If there is a treasure map that points the way to the promised land of NHL ownership, it was sketched by the people behind the Winnipeg Jets.
Its key directions: play nice, stay out of the papers, bide your time, and the opportunity will reveal itself.
So what to make, then, of Pierre Karl Péladeau, chief executive officer of Quebecor?
The Montreal-based media magnate has made no secret of his desire to bring NHL hockey back to Quebec City, and while he has kept the public statements surrounding his dealings with the league to a minimum, his actions and the city's have been more flamboyant.
On Thursday, the Montreal-based company announced higher-than-expected earnings and that "Quebecor Media now has all the tools it needs" to attract a franchise.
There is a right way and a wrong way to go about obtaining an NHL team, as demonstrated by the contrasting experiences of tech billionaire Jim Balsillie and Mark Chipman, co-owner of the Jets.
Both Péladeau and Quebec City Mayor Régis Labeaume have been circumspect in recent months about the prospect of having a team relocate in the short term, Péladeau after some not so gentle nudging from the league. But their deeds are Balsillie-esque in their volume.
Those gestures, which now include making the acquisition of a team the stated corporate priority of a publicly held company, may be calculated to gin up support among governors for relocating an NHL team in the short term or, more likely, they are signals to the league of Quebec City's ambition and readiness.
The way they are perceived at the league office in New York will doubtless go a long way to determining the final outcome, which could come sooner than many may realize. There have been reports in recent days that the NHL could be forced to make a decision on the lame-duck Phoenix Coyotes by late April.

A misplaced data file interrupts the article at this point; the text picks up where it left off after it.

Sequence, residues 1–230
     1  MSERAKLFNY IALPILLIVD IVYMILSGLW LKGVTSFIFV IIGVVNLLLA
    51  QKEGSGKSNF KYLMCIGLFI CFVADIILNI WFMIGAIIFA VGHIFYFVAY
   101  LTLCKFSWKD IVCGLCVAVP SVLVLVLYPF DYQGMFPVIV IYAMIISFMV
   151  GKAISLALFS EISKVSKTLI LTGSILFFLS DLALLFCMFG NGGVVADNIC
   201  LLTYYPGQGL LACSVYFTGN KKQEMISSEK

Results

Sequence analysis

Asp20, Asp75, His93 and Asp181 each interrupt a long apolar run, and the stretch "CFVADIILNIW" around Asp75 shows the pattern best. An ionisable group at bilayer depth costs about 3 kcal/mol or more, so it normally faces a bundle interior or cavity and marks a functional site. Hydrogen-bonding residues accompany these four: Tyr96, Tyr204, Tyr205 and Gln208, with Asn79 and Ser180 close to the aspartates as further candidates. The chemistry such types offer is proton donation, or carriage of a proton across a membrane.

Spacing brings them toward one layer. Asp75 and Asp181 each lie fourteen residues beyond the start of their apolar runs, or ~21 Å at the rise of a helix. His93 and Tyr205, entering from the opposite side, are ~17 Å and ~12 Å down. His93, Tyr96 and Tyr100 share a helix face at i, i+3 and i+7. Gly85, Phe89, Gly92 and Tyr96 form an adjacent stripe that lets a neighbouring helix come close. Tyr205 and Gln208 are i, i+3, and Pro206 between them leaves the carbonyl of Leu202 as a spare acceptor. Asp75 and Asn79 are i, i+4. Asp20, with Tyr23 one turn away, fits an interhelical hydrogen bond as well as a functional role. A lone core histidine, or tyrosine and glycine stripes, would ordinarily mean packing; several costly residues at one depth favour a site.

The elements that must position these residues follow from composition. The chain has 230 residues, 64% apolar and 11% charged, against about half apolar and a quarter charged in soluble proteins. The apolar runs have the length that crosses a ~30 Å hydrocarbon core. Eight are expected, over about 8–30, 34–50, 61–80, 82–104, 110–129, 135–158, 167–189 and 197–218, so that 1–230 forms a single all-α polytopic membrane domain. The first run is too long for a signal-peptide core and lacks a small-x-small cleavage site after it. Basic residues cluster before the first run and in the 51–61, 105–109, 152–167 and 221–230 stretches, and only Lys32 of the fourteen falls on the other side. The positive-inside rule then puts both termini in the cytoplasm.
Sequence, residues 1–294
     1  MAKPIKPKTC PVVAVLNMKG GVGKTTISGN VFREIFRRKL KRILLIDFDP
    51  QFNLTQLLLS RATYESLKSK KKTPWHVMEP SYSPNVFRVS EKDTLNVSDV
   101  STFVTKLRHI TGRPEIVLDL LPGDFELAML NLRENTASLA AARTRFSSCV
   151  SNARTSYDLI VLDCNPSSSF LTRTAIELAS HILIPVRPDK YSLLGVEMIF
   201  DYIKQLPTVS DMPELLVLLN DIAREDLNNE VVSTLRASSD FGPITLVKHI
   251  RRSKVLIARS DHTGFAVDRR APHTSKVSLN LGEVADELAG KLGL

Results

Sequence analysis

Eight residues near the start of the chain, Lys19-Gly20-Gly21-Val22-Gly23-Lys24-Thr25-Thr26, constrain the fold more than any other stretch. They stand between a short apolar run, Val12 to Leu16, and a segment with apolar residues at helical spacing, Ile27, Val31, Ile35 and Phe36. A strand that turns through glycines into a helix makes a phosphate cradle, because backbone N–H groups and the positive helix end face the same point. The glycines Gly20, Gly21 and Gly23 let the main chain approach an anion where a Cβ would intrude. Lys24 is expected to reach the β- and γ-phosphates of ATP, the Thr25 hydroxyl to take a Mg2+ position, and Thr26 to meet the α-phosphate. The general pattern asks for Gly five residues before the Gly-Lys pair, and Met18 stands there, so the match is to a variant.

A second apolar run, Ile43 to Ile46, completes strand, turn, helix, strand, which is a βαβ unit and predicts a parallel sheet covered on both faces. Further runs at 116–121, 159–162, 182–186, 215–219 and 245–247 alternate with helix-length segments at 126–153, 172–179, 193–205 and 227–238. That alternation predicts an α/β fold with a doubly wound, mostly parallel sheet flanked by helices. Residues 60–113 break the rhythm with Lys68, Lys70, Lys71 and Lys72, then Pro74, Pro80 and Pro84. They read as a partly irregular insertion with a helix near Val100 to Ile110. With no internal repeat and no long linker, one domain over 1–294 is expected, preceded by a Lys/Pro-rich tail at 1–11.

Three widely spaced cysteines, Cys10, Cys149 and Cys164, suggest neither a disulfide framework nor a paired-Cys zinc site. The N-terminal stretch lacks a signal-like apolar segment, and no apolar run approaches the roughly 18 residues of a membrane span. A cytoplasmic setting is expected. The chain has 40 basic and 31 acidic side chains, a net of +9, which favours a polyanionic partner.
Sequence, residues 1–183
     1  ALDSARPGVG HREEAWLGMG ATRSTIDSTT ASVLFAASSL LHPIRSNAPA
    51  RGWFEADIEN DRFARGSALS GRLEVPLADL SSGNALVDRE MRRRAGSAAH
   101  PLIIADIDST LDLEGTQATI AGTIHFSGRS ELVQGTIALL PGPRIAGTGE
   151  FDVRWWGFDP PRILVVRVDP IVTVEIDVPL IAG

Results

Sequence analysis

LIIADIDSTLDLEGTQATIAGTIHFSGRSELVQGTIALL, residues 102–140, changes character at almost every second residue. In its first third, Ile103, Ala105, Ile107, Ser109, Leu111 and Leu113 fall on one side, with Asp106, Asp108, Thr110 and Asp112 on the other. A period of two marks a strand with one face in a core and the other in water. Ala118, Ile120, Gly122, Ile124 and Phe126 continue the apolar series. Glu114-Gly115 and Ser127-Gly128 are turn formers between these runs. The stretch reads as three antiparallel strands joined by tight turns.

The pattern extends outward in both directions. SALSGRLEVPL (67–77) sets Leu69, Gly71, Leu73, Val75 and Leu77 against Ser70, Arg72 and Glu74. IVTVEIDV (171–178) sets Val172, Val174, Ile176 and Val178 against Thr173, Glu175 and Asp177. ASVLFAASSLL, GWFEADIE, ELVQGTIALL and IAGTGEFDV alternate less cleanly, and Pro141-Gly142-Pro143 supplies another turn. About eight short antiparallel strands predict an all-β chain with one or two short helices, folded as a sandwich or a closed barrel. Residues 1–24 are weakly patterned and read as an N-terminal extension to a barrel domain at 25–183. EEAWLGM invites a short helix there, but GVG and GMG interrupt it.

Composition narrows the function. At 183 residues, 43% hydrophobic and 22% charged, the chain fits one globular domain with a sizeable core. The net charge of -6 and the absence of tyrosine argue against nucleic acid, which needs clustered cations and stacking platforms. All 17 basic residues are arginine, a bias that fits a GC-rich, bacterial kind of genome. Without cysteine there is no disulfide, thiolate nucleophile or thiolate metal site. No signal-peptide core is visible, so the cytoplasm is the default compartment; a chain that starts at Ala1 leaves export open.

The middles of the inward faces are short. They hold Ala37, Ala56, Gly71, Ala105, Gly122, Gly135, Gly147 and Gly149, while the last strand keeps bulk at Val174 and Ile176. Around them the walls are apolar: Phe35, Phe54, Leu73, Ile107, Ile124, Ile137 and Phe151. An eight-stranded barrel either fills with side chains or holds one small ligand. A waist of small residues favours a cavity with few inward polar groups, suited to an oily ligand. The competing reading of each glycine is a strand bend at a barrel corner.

Unlike the Jets, whose owners already had a building and an AHL franchise structure in place when the Atlanta Thrashers were sold last June, it seems clear the Coyotes' relocation suitors will have to start from scratch.
The league denies it wants to move the Coyotes, although last year it also refuted reports a deal was in place to sell the Thrashers barely three weeks before the deal was announced.
NHL commissioner Gary Bettman said at this week's meeting of general managers that the league is still in discussion with potential owners in Phoenix, allowing that "at some point we may have to [turn the page] I'm hoping not to get to that point, and I'm not setting a deadline for it."
The talk in hockey circles is the NHL would prefer to move the Coyotes to Seattle or perhaps Kansas City, but neither of those cities presents the same short-term appeal as Quebec City.
Unlike other putative owners in the United States, Péladeau is a deep-pocketed owner with ready-made broadcasting and advertising infrastructures in place, he has a management deal for a new rink and a temporary home that could be suitable for an NHL team in a matter of months.
That's not to say the league is interested in moving the team in the immediate future – it insists it isn't – but Quebecor and the city are clearly making a public push to demonstrate they are ready if the situation changes.
Next week, Quebec City's municipal council will formally approve a $6.8-million expenditure to refurbish the aging Colisée, a job that could easily be completed this summer. The money comes with a caveat: It will be spent only if the NHL advises the city of its intention to move a team into the building.
Labeaume told a news conference this week he is ready for anything.
"We're ready for whatever decision the National Hockey League makes," he said. "We have people in the midst of drawing up the modifications that need to be made to the existing Colisée. We'll be sending out tenders in April, everything is calculated to the last penny, on time, on target, and on budget, I hope."
With a report from David Shoalts